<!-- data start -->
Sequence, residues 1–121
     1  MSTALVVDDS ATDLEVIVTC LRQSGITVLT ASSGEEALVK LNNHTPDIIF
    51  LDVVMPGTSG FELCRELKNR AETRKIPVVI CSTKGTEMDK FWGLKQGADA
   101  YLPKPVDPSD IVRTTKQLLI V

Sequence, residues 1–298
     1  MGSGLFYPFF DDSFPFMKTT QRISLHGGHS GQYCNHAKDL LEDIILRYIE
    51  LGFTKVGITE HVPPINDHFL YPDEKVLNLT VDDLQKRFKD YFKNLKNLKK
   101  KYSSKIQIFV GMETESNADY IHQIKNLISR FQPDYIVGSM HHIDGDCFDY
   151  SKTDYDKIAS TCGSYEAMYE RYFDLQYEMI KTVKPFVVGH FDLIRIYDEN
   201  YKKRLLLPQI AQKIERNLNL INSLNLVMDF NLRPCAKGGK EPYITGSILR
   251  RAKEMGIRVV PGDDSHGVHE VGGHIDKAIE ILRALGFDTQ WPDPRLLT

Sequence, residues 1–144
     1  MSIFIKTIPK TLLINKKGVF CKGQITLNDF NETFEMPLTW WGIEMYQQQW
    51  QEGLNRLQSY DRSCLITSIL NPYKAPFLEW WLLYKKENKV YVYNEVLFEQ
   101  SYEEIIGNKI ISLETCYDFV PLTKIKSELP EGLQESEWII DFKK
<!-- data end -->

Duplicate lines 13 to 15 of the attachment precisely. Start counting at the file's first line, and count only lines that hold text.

     1  MSIFIKTIPK TLLINKKGVF CKGQITLNDF NETFEMPLTW WGIEMYQQQW
    51  QEGLNRLQSY DRSCLITSIL NPYKAPFLEW WLLYKKENKV YVYNEVLFEQ
   101  SYEEIIGNKI ISLETCYDFV PLTKIKSELP EGLQESEWII DFKK